Earthquake Strikes the Philippines

Workers+continue+rescue+efforts+on+people+still+trapped+inside+a+collapsed+building+at+Porac+town%2C+Pampanga+province%2C+northern+Philippines+Monday%2C+April+22%2C+2019.+A+strong+6.1+magnitude+earthquake+in+the+north+Philippines+on+Monday+trapped+some+people+in+a+collapsed+building%2C+damaged+an+airport+terminal+and+knocked+out+power+in+at+least+one+province%2C+officials+said.+%28AP+Photo%2FBullit+Marquez%29
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Earthquake Strikes the Philippines

Workers continue rescue efforts on people still trapped inside a collapsed building at Porac town, Pampanga province, northern Philippines Monday, April 22, 2019. A strong 6.1 magnitude earthquake in the north Philippines on Monday trapped some people in a collapsed building, damaged an airport terminal and knocked out power in at least one province, officials said. (AP Photo/Bullit Marquez)

Workers continue rescue efforts on people still trapped inside a collapsed building at Porac town, Pampanga province, northern Philippines Monday, April 22, 2019. A strong 6.1 magnitude earthquake in the north Philippines on Monday trapped some people in a collapsed building, damaged an airport terminal and knocked out power in at least one province, officials said. (AP Photo/Bullit Marquez)

AP

Workers continue rescue efforts on people still trapped inside a collapsed building at Porac town, Pampanga province, northern Philippines Monday, April 22, 2019. A strong 6.1 magnitude earthquake in the north Philippines on Monday trapped some people in a collapsed building, damaged an airport terminal and knocked out power in at least one province, officials said. (AP Photo/Bullit Marquez)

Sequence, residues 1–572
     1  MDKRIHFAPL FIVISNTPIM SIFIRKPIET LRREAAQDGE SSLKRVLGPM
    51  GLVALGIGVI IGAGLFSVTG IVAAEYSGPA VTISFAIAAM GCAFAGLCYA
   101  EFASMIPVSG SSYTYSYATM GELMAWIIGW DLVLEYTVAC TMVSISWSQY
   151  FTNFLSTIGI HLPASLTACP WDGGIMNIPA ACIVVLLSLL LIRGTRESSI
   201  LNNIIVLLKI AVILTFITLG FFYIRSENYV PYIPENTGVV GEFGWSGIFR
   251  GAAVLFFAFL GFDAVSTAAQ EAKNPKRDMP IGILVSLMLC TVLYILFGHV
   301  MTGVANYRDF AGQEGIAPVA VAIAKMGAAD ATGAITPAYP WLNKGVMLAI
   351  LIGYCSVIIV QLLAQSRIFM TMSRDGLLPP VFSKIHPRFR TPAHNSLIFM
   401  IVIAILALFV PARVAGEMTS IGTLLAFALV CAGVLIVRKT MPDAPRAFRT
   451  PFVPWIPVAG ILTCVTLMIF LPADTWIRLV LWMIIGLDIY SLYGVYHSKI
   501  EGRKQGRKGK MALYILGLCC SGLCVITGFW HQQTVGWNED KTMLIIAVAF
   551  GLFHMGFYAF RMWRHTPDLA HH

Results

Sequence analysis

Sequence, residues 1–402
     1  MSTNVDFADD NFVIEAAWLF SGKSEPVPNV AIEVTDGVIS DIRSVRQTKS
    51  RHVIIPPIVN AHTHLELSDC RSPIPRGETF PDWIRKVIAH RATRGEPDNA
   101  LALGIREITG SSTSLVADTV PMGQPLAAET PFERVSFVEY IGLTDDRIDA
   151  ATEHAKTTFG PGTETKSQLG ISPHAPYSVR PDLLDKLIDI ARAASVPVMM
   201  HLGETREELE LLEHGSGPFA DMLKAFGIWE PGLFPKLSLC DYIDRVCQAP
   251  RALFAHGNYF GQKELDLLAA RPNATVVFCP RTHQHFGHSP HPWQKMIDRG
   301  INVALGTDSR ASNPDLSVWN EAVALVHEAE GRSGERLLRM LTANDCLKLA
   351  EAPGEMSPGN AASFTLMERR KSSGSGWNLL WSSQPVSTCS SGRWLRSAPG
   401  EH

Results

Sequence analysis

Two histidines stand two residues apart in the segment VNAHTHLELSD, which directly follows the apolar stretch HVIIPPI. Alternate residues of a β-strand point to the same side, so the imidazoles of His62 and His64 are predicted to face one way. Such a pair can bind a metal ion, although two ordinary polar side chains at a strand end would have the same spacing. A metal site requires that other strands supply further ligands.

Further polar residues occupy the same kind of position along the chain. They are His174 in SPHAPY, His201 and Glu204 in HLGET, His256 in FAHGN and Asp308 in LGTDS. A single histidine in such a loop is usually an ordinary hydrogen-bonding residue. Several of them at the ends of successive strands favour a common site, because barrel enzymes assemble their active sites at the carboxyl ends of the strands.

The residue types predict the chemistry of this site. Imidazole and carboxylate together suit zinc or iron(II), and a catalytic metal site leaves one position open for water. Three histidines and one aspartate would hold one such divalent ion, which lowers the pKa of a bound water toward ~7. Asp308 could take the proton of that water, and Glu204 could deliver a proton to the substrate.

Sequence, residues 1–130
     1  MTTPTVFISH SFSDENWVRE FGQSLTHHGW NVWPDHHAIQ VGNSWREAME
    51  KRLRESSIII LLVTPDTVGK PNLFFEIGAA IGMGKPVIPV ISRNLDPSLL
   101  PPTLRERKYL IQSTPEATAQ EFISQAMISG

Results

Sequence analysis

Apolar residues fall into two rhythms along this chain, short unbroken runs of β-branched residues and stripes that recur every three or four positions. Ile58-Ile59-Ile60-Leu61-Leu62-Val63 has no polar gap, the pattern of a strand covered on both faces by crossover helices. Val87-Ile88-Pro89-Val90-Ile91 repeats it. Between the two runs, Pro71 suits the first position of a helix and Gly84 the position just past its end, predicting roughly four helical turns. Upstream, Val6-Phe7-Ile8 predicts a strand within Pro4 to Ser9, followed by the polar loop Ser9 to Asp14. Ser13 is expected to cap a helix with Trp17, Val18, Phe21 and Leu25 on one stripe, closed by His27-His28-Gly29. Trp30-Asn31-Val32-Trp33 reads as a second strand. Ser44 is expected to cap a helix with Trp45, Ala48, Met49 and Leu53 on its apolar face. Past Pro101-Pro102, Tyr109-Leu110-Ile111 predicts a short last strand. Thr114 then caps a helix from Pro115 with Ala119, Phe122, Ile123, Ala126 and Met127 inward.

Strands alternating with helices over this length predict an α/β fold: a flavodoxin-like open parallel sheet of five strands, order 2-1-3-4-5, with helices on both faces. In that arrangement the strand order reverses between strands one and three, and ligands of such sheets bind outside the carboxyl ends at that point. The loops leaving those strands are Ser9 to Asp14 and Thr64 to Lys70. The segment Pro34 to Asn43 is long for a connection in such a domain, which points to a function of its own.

AP

AP

Workers continue rescue efforts on people still trapped inside a collapsed building at Porac town, Pampanga province, northern Philippines Monday, April 22, 2019. A strong 6.1 magnitude earthquake in the north Philippines on Monday trapped some people in a collapsed building, damaged an airport terminal and knocked out power in at least one province, officials said. (AP Photo/Bullit Marquez)

Renae Wallace, Staff 2017-2019

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On Monday April 22, 2019 a strong earthquake strikes the Philippines killing up to 16 people and trapping many in fallen buildings. According to CNN news, there are 13 people still unaccounted for at the local supermarket that collapsed. The quake was registered as a 6.1 magnitude. The following day, another earthquake hit. On Tuesday April 23, 2019 a 6.3 magnitude quake struck the area. This was not the worst the Philippines’ had seen but it did knock down most of the town’s electricity poles and destroyed multiple buildings.

When asked if they had heard about the incident, students were surprised that they had heard nothing. “I did not know about this! I think this should’ve been publicized more to bring awareness to the situation and to for support,” senior Lainey Griffin said.

The Philippines is located on what is called “the ring of fire,” an area with many active volcanoes and moving fault lines. Because of its location on the pacific, they frequently experience earthquakes. These quakes range from something too small to feel, to some of the biggest earthquakes in history. In 1990 they experienced a 7.7 magnitude earthquake that killed about 2,000 people.

“I have been in an earthquake, a very small one, in 2011. I wasn’t scared, I was more confused as to what was happening. I cannot imagine witnessing an earthquake any bigger than that!” senior Paige Fazenbaker.

Rescue crews continue to pull people out of the rubbish. Time Magazine informed that authorities recently stuck a tube into the ruble which blows out oxygen for those who are stuck and in need of air. The earthquake also damaged an airport terminal shutting down flights until the damage was repaired. It also put cracks in highways, bridges, and many buildings that must be fixed. The Philippines is bound to have many more earthquakes this year.